Our state has a strict law, “The Open Public Meetings Act (OPMA),” commonly referred to as the Sunshine Law. Why? Because transparency is the enemy of corruption. The law states that the business of the people can only be conducted in public for all to see. Any elected official that seeks to skirt this law in any manner, shape or form is violating the public trust.
The issue that has troubled our resident in Summit recently is the manner in which five members of Council are attempting to govern. On very rare occasions, Ordinances or Resolutions have been proposed by Councilpersons during the course of Council meetings. But it happened three times* recently and on one occasion four Council members read from prepared statements in favor of the just-introduced Resolution. It is simply not possible to have a prepared statement without prior knowledge of what is to be introduced. It was clear to me, the Mayor and Councilman Murphy that there must have been violations of the Sunshine Law. These three Ordinances/Resolutions had been developed by circumventing the principle of the law and at least in one case, the committee structure set up by the governing body. Moreover, the failure to post these three items on the agenda denied the public the right to review and comment because they had no prior knowledge that the items would be discussed. That is the purpose of the agenda, which is posted in many public places and on the City website prior to each meeting.
In an effort to determine how the five Council members seemingly had prior knowledge of the paid parking ordinance, a resident made an OPRA request (Open Public Records Act) for any communications regarding the paid parking issue. He received 440 pages of communications, none of which included Mayor Glatt, Councilman Murphy or myself. One included four Council members, which is a blatant violation of the Open Public Meetings Act because this communication included a majority of the governing body outside the public venue.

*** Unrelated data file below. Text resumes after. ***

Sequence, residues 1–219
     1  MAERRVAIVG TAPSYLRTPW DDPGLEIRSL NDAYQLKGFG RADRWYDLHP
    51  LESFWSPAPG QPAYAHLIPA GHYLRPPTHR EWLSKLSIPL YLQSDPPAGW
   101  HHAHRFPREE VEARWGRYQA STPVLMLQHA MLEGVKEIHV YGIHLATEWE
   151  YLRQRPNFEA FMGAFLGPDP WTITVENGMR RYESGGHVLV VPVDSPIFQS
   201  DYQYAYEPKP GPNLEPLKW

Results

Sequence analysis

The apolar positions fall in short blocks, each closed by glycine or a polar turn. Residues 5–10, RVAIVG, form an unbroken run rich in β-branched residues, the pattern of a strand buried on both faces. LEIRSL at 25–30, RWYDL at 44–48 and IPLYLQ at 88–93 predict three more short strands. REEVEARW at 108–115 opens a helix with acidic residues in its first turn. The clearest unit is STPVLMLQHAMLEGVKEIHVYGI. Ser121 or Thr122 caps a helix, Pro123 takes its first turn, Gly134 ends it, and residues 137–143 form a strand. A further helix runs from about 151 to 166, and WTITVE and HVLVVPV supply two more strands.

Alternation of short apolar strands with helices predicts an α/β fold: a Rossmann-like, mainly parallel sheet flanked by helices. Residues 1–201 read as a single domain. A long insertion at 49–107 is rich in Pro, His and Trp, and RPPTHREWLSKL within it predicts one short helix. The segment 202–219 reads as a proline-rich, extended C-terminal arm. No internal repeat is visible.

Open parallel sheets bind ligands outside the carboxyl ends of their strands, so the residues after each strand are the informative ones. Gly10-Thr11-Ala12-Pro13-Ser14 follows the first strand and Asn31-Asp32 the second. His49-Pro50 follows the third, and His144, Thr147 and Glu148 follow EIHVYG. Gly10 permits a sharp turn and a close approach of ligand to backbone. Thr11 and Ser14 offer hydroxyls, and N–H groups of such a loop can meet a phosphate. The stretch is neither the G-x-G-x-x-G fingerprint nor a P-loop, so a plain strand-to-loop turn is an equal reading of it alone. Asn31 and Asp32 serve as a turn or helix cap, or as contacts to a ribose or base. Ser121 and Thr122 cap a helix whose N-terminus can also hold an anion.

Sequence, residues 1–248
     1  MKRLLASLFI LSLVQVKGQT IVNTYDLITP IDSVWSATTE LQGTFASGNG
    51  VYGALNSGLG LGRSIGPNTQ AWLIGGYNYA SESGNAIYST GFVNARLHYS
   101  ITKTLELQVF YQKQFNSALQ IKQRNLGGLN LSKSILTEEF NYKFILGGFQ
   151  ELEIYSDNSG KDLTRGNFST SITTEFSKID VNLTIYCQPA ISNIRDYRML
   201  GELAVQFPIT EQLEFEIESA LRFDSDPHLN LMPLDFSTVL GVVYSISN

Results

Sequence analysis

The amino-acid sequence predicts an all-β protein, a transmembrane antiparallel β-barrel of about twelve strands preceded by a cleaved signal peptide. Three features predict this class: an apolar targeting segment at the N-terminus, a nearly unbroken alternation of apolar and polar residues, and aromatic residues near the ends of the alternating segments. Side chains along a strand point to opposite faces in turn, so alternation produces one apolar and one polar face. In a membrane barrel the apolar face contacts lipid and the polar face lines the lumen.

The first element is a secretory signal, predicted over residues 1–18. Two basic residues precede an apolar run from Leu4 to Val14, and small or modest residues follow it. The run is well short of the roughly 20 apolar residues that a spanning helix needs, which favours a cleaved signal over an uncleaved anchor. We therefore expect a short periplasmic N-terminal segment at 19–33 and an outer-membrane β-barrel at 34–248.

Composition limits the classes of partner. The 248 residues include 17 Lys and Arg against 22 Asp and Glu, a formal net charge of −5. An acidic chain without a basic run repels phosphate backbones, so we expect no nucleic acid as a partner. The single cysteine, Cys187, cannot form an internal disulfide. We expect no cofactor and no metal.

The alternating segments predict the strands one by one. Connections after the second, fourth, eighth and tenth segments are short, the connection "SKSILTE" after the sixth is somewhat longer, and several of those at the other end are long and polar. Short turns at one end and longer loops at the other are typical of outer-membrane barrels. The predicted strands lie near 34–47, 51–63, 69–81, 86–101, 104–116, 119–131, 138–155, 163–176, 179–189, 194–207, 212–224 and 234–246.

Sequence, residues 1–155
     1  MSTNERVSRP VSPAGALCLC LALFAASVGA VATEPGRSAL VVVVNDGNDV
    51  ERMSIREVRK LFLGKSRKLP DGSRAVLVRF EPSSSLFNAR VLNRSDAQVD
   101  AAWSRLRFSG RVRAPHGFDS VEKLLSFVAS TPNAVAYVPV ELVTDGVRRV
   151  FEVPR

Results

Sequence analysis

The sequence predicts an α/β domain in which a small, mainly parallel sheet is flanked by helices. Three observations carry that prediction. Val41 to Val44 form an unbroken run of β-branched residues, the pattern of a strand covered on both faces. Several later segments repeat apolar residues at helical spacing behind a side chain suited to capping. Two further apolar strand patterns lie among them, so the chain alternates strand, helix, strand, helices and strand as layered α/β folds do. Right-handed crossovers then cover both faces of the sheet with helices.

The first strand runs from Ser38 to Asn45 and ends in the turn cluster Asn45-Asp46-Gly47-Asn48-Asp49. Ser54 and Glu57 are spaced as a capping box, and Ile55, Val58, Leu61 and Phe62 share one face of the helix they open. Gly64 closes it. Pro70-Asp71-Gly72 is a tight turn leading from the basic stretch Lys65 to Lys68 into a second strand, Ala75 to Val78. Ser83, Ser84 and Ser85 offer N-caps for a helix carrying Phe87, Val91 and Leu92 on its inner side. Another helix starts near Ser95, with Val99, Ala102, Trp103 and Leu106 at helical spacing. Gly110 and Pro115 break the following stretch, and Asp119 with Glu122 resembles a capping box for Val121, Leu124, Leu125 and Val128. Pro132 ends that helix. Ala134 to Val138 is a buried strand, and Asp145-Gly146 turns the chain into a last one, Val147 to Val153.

Two emails are particularly troublesome. In one, Councilwoman Portuondo attempted to set up a meeting to discuss the ordinance outside of the established committee structure. At one point she declared, “I have the five votes.” How could she possibly know she had five votes unless she had discussed this with the four others outside the public venue? Then, an email from Councilman Getzendanner to Councilpersons Dickson, Bomgaars, and Madden explains, “I’m willing to relent …” and he goes on to list the conditions under which he will support the parking ordinance that, again, has been discussed outside the committee structure, in violation of the OPMA and outside the public venue. These are just two examples of clear violations of the law.
There is no question that the intent, and in my opinion the letter, of the Sunshine Law has been violated. At the October 18 Council meeting when this resident reported his findings, rather than receiving answers to his specific questions about these findings, the citizens of Summit had to endure poor attempts to rationalize and obfuscate the facts. My view is simple, you cannot have any discussions, even one on one to avoid “a quorum,” if the intent of those discussions is to conduct the public’s business outside the public domain. Transparency is the only way to preserve the public trust.
Our city solicitor will, once again, spend his time investigating these allegations to determine the proper course of action. Is this the way you want the business of running our great city to be done? As your Mayor, I promise to always promote transparency and allow our citizens the right to full disclosure and discussion.
* A Resolution to censure me (later rescinded) for exposing this Council’s violation of the Sunshine Law; a Resolution asking Councilman Getzendanner to resign for numerous attempts to commit fraud; and an Ordinance to change to a paid parking system at our DeForest lots funded by an $800,000 city bond.